The MAST (Multi-Application Survivable Tether) Experiment is a low-cost CubeSat experiment to demonstrate space tether survivability. It consists of three tethered CubeSats.
TUI and Stanford University's Space Systems Development Laboratory have teamed to develop and fly a small, very inexpensive experiment to demonstrate TUI's Hoytether technology and obtain on-orbit measurements of the degradation of space tethers by orbital debris and micrometeorites. The lifetimes of current single-line tethers are limited by damage due to meteorite and orbital debris impactors to periods on the order of weeks. Although single-line tether lifetimes can be improved by increasing the diameter of the tether, this incurs a prohibitive mass penalty. The Hoytether is a tether structure composed of multiple lines with redundant interlinking that is able to withstand many impacts.
For launch, these three picosatellites stack together into a volume about the size of a loaf of bread. Once on orbit, the picosatellites will separate and deploy a 1,000 meter long Hoytether structure.
The middle picosatellite, called "Gadget", will then slowly crawl up and down the tether, taking pictures of the tether as it goes. These pictures will be transmitted to a ground station for analysis to determine how quickly the tether experiences damage due to impacts by micrometeoroids and orbital debris, as well as due to erosion by atomic oxygen and UV light.
In addition, all three picosatellites contain GPS receivers, and data from these receivers will be collected to provide information on the dynamics of tethered formations of spacecraft and the performance of our tether deployment technologies.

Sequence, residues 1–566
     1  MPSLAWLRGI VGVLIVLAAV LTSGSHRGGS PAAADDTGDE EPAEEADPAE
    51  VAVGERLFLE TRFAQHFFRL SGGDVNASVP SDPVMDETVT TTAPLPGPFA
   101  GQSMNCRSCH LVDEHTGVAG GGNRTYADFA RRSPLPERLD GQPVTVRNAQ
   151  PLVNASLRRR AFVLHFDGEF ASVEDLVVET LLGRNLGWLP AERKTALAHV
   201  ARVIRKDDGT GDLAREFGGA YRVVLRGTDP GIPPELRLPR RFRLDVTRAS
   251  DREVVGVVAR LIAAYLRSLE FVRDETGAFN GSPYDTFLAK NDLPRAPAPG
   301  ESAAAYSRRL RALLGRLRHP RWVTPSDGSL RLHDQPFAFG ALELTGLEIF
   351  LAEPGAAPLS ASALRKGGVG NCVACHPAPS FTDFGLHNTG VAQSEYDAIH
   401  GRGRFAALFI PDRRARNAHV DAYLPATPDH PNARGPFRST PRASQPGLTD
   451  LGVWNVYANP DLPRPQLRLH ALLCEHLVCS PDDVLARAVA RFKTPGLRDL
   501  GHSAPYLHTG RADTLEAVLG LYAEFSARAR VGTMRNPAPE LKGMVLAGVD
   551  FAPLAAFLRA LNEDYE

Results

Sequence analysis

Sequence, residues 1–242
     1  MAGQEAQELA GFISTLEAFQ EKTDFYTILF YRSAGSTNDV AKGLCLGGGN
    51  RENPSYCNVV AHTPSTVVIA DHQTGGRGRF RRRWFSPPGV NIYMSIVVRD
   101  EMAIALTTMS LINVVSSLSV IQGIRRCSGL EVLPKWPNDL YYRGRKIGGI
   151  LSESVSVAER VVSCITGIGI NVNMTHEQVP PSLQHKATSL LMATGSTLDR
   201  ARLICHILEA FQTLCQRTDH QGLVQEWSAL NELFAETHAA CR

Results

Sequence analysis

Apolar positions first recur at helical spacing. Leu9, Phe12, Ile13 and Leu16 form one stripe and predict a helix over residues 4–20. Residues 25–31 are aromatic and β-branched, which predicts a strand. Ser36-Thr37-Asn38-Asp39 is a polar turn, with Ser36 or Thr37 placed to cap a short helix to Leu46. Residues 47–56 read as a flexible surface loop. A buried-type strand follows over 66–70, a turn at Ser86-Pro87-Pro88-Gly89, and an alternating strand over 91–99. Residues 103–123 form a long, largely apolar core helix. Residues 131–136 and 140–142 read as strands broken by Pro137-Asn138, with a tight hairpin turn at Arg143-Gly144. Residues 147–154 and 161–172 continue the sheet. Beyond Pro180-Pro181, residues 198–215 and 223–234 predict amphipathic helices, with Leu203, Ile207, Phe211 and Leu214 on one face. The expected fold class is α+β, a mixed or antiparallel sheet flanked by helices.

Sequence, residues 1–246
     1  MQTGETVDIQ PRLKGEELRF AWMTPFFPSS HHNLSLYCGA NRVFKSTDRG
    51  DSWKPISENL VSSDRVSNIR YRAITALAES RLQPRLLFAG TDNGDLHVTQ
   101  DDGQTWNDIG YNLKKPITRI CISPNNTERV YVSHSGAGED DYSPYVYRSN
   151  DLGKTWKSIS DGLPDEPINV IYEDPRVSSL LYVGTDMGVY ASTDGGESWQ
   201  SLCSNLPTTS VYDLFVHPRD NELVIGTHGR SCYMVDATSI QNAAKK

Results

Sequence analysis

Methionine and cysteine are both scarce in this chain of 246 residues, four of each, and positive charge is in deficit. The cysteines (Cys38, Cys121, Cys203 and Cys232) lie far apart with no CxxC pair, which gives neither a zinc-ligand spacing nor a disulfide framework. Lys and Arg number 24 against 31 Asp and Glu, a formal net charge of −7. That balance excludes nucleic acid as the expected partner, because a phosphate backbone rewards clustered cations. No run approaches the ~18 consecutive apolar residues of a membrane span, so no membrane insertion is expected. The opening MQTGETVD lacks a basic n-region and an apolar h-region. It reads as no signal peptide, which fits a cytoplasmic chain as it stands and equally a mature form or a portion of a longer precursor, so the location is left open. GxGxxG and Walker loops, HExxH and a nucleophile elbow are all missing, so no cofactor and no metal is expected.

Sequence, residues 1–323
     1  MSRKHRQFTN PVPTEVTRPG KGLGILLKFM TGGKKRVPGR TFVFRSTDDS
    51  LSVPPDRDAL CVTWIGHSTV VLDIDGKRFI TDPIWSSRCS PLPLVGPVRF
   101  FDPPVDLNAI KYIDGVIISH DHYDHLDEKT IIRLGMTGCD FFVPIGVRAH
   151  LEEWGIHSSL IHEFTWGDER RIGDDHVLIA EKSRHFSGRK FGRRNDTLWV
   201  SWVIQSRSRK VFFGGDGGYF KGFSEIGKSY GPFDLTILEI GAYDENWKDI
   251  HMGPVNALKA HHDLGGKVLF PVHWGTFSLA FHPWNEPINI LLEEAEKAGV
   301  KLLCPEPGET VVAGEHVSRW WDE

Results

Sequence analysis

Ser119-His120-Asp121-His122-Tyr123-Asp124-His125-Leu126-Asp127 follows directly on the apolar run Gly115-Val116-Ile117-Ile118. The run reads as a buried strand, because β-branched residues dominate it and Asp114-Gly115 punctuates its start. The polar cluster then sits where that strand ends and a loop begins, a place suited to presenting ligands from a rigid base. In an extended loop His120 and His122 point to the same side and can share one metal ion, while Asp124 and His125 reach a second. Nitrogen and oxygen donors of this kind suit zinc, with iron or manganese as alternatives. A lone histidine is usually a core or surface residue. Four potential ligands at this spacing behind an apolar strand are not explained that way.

The total cost of the MAST program is expected to come in at under $ 1M, proving that good science can be accomplished in very low cost flight missions. The MAST program has been funded through a combination of private and government research funds. The development of the underlying technologies was funded by a NASA Small Business Technology Transfer (STTR) contract. The construction and qualification testing costs for the picosatellite flight models and the launch costs have been funded by TUI internal funding and private investments.
The satellite was successfully deployed in orbit, and signals were received only from the Gadget crawler, and the 1 km tether did not fully deploy.
|Type / Application:||Technology|
|Operator:||Tethers Unlimited, Inc.|
|Contractors:||Tethers Unlimited, Inc.|
|Power:||Solar cells, batteries|
|Orbit:||647 km × 782 km, 98.08°|
|MAST||2007-012K||17.04.2007||Ba LC-109/95||Dnepr||with EgyptSat 1, Saudisat 3, SaudiComsat 3, SaudiComsat 4, SaudiComsat 5, SaudiComsat 6, SaudiComsat 7, CP 3, CP 4, CAPE 1, Libertad 1, AeroCube 2, CSTB 1|